For the insomniacs, the day began with a spectacular sunrise a little after 5:00am and as the light improved we cruised towards the northern end of Urup Island and Novokuril’skoya Bay, where we could see the mountains and volcanoes of Urup on our starboard bow. Many of the peaks were still covered in snow and at least one was clearly an active volcano, as steam could be seen coming from the crater on its summit.
Prior to breakfast, several species of Alcids (i.e. Auks) were seen, including our first Brunnich’s Guillemots of the expedition, as well as Crested Auklets and Tufted Puffins. With no wind to assist them in getting airborne, the Tufted Puffins employed what looked like a rather inefficient technique of using their wings to shuffle across the water. Other species included our first Laysan Albatrosses and Red-faced Cormorants, as well as exceptional numbers of Dall’s Porpoises, with upwards of forty animals seen before breakfast.
After a briefing from Rodney, the Zodiacs ferried us ashore in glorious sunshine and we had almost three hours to explore the area around an abandoned fishing community, surrounded by forested hills. Some chose to hike to the top of one of the peaks offering spectacular views over the bay and out towards Broutuna Island, while in the valley below others admired the colourful wild flowers including at least one species of orchid.
The birders split into a number of groups to explore and over the course of the morning an excellent selection of species were seen including Middendorf’s Grasshopper Warbler, Eurasian (or Spotted) Nutcracker, Brown-headed Thrush, some stunning Siberian Rubythroats and the recently split Kamchatka Leaf-Warbler (previously Arctic Warbler). A number of enthusiasts who had not connected with the Japanese Robin yesterday afternoon made considerable efforts to see this species as there were a number of birds singing, however, we were sadly thwarted despite the assistance of Chris and his iPod.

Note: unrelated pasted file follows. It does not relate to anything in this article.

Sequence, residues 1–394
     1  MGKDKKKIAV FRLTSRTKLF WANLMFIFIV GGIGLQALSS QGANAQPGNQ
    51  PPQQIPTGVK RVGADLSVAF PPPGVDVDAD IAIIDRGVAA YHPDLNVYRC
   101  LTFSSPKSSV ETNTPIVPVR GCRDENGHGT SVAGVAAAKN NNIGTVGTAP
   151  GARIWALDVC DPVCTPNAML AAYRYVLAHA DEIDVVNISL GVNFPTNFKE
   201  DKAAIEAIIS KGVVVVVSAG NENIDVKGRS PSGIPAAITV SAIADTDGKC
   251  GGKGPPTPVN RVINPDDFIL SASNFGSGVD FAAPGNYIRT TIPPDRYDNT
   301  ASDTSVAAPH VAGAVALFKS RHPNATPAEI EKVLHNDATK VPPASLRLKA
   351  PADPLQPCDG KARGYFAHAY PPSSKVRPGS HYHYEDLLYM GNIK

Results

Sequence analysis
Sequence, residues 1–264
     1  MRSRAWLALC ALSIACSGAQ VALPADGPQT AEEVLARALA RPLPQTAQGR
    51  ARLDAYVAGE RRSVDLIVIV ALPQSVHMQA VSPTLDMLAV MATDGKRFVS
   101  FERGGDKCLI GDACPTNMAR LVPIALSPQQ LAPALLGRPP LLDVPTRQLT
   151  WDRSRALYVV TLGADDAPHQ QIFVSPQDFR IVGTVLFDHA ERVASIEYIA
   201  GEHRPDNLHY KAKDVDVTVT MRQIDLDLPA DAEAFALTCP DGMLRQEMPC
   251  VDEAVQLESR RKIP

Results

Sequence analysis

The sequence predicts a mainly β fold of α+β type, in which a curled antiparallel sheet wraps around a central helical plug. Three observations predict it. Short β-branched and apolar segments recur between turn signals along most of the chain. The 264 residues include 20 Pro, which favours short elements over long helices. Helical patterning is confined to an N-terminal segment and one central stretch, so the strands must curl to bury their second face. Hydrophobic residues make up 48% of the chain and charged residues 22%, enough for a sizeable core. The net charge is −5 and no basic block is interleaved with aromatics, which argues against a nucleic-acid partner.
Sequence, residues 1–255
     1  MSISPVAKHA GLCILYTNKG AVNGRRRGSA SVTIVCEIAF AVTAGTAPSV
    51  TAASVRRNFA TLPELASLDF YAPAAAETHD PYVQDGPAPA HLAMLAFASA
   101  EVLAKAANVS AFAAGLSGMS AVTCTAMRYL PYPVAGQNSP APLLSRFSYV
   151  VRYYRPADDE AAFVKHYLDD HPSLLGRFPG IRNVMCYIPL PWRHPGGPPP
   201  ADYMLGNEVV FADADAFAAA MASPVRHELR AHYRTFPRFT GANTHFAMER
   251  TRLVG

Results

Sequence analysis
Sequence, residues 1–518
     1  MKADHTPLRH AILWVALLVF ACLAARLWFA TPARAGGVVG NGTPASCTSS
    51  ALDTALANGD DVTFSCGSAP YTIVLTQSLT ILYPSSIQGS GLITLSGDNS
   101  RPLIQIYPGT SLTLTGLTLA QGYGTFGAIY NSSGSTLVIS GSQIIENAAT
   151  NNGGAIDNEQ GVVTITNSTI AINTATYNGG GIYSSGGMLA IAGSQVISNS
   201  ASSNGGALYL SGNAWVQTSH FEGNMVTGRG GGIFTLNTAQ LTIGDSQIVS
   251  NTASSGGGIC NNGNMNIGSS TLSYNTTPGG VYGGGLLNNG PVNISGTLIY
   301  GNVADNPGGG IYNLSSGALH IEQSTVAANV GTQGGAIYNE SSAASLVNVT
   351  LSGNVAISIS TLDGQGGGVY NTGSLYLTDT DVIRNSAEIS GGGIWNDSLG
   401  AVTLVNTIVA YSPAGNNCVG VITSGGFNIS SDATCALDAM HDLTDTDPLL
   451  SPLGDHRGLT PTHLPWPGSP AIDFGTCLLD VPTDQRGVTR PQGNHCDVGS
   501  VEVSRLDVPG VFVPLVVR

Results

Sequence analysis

Returning to the ship, we continued northwards and the prediction that we might encounter some Sperm Whales proved to be spot on, with at least twenty animals seen, including several which were within a couple of hundred metres of the vessel.
The conditions remained utterly glorious with no fog and great visibility and as we approached the Chirpoy Islands, it was possible to see a steaming volcano with a large patch of yellow sulphur. It was very easy to understand how this area had become known as the “Ring of Fire”. Passing Little Chirpoy Island, we saw a couple of hundred Steller’s Sea-Lions hauled out on the beach but these animals can be rather nervous so we did not approach too close to them.
By late afternoon, we were at our anchorage and with the pleasant conditions continuing, we boarded four Zodiacs to explore Bukhta Peschanaya. Cruising around the bay, we saw good numbers of Pigeon Guillemots (of the local Kuril race, snowi, which is sometimes considered a separate species, the ‘Kuril Guillemot’), as well as Brunnich’s Guillemots and Red-faced Cormorants. Rounding the point, we came across several Horned Puffins before crossing to the other side of the bay, where there were spectacular numbers of Black-legged Kittiwakes breeding on the cliffs and an enormous male Steller’s Sea-Lion hauled out on the rocks.
Landing on a sandy beach to stretch our legs and warm up, the birders among us were delighted to find a pair of Japanese Grey Buntings. The birds gave some nice looks as they fed on the slopes above the landing site. A great end to a fantastic day.
The day began somewhat unexpectedly, with an announcement just after 06:00am telling us that there were two Short-tailed Albatross sitting on the sea close to the ship. The birds were very obliging and despite the misty conditions, we were able to get some great looks at this species which remains an extreme rarity –it has an estimated world population of only a couple of thousand individuals.
After breakfast and a briefing, we set off for Simushir Island, entering the caldera of Broutona Bay and landing by an abandoned submarine base. The weather remained glorious for the rest of the morning and we had three hours to explore.
Although many of the buildings were rapidly falling into a state of serious disrepair, the main office and barracks had been built out of concrete and some of us went inside to see the Soviet-style murals on the walls. Others went for a walk as far as the cliffs and on the way saw a range of colourful flowers including at least one species of purple orchid.
For those looking for birds, there was an excellent range of species and every few metres there seemed to be either a singing male Siberian Rubythroat or an Arctic Warbler. Other species seen included Japanese Grey Bunting, Pine Grosbeak, Nutcracker and Brown-headed Thrush.
By midday we were all back onboard the Spirit of Enderby where the Captain set a course for Yankicho Island. With forty nautical miles to run it took several hours to reach our destination but as we approached, the number of alcids increased with good numbers of Tufted Puffins, Crested Auklets and Whiskered Auklets.